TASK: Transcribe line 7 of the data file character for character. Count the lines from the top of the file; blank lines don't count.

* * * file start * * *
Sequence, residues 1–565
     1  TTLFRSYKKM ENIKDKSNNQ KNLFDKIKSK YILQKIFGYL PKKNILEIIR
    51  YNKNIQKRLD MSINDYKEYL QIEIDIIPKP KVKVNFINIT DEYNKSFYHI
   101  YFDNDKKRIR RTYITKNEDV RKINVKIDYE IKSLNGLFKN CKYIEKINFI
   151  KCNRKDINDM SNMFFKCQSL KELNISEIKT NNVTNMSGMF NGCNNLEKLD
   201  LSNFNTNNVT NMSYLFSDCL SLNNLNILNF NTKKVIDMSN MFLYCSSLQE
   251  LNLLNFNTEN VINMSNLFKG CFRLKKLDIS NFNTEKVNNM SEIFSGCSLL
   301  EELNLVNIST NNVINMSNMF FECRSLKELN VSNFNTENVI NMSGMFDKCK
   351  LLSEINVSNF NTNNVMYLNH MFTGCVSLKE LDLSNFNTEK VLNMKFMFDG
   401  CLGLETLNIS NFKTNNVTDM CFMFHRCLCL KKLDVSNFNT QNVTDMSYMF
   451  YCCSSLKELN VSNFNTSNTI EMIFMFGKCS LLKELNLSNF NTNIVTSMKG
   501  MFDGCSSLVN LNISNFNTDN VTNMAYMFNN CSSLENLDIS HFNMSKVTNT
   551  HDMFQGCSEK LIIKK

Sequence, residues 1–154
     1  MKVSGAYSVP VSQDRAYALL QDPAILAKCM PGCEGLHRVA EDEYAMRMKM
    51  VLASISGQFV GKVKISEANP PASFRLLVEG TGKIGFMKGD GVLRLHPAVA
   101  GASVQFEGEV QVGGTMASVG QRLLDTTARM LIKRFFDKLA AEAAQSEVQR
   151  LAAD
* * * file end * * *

   251  LNLLNFNTEN VINMSNLFKG CFRLKKLDIS NFNTEKVNNM SEIFSGCSLL